A Q&A with Henk Rogers
The City & County of Honolulu last year released Ola: Oahu Resilience Strategy, a roadmap to building resilience from climate events, the rising cost of living and other economic challenges.
This year, the state’s resilience was tested when the coronavirus pandemic choked the local economy and highlighted Hawai‘i’s vulnerabilities as an island community that imports most of its food and energy. Henk Rogers, founder of Blue Planet Energy, discusses the importance of building resilience and how Hawai‘i can develop a more sustainable and self-reliant energy system.
Q: What does building resilience mean in this context?
A: Any time a community faces a widespread crisis or disaster, its ability to bounce back depends on how well it has prepared and what structures and systems it has to restore critical needs like electricity, shelter and water. Island communities are particularly vulnerable to the threat of natural disasters and other outside forces, meaning it’s even more important for us to build resilience before something happens.
In 2017, Hurricane Maria devastated Puerto Rico, leaving 95% of its residents without power or mobile phone service, and more than half the population without clean drinking water. The island’s aging power grid was destroyed and three months later, 45% of the people still didn’t have electricity.
Blue Planet Energy has been working with government agencies and the American Red Cross in Puerto Rico to ensure power continuity for critical services like shelters, food and water, particularly in times of crisis and grid outages. We deployed battery systems that store energy generated by solar panels at more than 100 schools, which are emergency shelters during natural disasters. That technology reduces reliance on the grid when another major disaster strikes. These systems will provide electricity and connectivity while the utility works to restore power elsewhere. That’s an example of resilience.
Why is it important for communities to build resilience?
The coronavirus pandemic demonstrated how important it is to build resilience and highlighted some of the weaknesses in island economies.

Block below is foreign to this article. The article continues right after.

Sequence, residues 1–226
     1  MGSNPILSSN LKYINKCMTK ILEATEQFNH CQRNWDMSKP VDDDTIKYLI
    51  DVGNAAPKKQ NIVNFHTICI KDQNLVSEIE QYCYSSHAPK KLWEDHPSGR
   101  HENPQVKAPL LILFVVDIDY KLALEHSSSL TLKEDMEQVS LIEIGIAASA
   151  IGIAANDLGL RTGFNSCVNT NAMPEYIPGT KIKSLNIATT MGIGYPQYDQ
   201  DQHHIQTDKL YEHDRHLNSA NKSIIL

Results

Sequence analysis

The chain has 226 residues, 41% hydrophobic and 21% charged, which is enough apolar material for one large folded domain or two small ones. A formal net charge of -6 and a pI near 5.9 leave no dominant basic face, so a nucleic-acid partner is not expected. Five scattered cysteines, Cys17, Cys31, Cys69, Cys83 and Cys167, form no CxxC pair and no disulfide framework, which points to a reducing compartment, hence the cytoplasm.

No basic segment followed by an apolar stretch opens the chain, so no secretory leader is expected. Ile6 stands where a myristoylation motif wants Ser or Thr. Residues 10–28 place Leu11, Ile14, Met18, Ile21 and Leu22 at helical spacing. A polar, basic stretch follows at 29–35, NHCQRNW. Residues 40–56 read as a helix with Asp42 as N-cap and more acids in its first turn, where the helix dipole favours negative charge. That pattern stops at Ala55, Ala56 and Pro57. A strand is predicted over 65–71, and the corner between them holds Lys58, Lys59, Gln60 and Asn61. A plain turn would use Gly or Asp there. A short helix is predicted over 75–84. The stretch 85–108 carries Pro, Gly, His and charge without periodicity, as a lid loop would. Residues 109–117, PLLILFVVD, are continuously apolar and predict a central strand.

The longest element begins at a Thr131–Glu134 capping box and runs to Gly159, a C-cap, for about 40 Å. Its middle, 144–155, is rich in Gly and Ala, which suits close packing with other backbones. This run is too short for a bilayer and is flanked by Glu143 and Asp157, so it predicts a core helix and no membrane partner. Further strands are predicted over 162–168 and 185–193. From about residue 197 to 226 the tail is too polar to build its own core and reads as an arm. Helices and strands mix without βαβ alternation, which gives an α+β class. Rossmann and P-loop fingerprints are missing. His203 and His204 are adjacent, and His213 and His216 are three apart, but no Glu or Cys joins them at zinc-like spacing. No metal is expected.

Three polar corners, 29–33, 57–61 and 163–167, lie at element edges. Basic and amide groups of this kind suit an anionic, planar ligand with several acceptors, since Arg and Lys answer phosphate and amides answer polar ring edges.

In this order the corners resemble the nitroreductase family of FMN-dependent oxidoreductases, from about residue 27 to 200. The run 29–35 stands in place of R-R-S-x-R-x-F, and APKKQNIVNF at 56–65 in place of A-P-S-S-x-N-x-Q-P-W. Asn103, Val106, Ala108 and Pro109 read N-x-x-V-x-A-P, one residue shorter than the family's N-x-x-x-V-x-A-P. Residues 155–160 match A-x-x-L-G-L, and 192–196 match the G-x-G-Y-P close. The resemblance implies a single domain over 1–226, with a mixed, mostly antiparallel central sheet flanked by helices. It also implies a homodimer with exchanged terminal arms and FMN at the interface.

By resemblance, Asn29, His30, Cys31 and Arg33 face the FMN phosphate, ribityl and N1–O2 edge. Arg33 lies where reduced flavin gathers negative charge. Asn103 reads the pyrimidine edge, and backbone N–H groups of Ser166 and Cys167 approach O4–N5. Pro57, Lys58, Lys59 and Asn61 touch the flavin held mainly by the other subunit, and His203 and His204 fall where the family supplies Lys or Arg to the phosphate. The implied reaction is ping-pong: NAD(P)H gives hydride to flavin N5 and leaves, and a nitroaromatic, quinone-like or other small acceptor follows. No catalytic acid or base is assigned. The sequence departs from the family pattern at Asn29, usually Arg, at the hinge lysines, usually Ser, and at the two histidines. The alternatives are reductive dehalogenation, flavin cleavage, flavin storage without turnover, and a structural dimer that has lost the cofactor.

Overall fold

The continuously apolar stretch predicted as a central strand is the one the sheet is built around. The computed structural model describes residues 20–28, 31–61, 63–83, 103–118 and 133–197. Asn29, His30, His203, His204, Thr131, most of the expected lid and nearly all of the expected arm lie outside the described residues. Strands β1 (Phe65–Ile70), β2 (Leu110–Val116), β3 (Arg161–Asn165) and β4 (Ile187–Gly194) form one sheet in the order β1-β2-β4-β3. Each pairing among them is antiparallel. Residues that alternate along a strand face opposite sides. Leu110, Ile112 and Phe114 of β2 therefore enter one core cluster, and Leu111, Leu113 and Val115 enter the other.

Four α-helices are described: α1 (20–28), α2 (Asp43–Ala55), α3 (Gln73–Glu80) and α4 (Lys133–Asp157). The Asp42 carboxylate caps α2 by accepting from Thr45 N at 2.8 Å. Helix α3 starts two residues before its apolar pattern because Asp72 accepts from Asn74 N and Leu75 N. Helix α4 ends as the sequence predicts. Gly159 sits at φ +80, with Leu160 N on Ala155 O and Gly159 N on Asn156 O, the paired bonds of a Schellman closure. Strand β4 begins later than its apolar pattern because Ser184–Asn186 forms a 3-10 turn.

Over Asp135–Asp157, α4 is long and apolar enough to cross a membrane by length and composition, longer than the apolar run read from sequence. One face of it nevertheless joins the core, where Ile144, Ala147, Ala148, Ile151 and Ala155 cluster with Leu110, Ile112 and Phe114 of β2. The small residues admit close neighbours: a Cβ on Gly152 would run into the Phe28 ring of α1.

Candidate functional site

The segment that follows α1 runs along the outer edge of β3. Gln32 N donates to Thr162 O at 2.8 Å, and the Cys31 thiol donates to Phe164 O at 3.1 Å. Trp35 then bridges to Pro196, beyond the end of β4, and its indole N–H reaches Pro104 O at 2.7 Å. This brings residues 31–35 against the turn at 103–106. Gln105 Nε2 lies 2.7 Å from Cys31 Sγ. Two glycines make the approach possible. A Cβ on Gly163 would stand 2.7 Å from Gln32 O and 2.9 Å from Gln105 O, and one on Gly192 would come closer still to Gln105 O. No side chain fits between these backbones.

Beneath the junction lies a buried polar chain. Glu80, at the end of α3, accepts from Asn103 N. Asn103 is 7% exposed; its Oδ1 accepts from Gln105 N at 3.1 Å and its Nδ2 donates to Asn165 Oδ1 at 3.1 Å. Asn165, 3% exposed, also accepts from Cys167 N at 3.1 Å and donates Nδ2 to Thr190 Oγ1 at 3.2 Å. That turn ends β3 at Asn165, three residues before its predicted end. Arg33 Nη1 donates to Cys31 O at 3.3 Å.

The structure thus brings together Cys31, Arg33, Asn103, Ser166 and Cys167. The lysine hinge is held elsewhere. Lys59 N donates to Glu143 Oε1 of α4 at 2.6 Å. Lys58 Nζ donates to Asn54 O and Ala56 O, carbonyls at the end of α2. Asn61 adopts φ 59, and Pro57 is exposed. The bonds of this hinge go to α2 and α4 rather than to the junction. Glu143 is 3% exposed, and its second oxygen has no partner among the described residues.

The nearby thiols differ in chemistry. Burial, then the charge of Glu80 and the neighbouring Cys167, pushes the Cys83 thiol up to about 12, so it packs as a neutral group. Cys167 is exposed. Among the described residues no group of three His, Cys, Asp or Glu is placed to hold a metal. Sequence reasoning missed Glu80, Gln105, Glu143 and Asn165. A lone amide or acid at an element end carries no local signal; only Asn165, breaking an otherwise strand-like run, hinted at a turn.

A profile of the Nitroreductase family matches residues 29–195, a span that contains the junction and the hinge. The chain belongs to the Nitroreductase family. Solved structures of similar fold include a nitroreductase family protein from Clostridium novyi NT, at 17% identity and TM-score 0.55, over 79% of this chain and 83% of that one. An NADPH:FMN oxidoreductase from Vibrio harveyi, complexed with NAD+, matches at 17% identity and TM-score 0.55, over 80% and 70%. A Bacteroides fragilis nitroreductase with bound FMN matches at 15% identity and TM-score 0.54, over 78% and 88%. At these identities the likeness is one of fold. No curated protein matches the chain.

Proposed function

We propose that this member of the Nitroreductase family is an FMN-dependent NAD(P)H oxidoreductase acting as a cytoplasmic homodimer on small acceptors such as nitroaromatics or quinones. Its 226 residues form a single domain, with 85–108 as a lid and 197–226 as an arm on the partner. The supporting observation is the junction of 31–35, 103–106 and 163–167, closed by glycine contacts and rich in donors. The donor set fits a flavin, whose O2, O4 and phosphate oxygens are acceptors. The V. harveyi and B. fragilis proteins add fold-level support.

For example, we import 90% of our food and 70% of our energy in the form of crude oil and coal. If those ships stopped coming, could we generate our own energy to power homes and businesses? Could we produce enough food to feed all our residents? Right now, the answer is no. That makes us vulnerable.
Time and again, we’ve seen the need for greater resilience in Hawai‘i when dealing with natural disasters — lava flows, hurricanes, flooding. Extreme weather events will only increase as we continue to see the local effects of global climate change, so we need to prepare. By creating systems or using technologies that reduce our reliance on external forces, or quickly adapt to a changing environment, we become more resilient as a state.
How can Hawai‘i build resilience?
I predict critical services and essential businesses will prioritize resilience projects in Hawai‘i coming out of this latest crisis. Hawai‘i is already on a solid path toward a more sustainable and self-reliant future. We’ve reached our benchmark goal of 30% renewable electricity by 2020 on our way to the 100% clean energy mandate by 2045 – generating our own power is a huge step toward self-reliance.
We’re also seeing battery energy storage technology advance to the point where microgrids are becoming more affordable and easier to implement. Microgrid systems are a part of the central grid, which provides stability, but they can also operate independently to offer reliable power during an outage. These investments are quick and impactful ways to strengthen our energy resilience and protect us when severe climate events strike.
How can local businesses and nonprofits join in this effort?
To keep supporting our local innovation economy and building resilience as a community, we have to be open to investing in new technology. Businesses and nonprofits can be a part of that by identifying opportunities for partnership that help drive progress. For example, a nonprofit that serves a rural community might see a real need for a microgrid or minigrid to improve reliability of service and provide more resilient energy to areas that are harder hit by storms. Businesses might be able to provide funding, infrastructure or other support. In the long term, we have to look at this as a community issue that requires a community effort.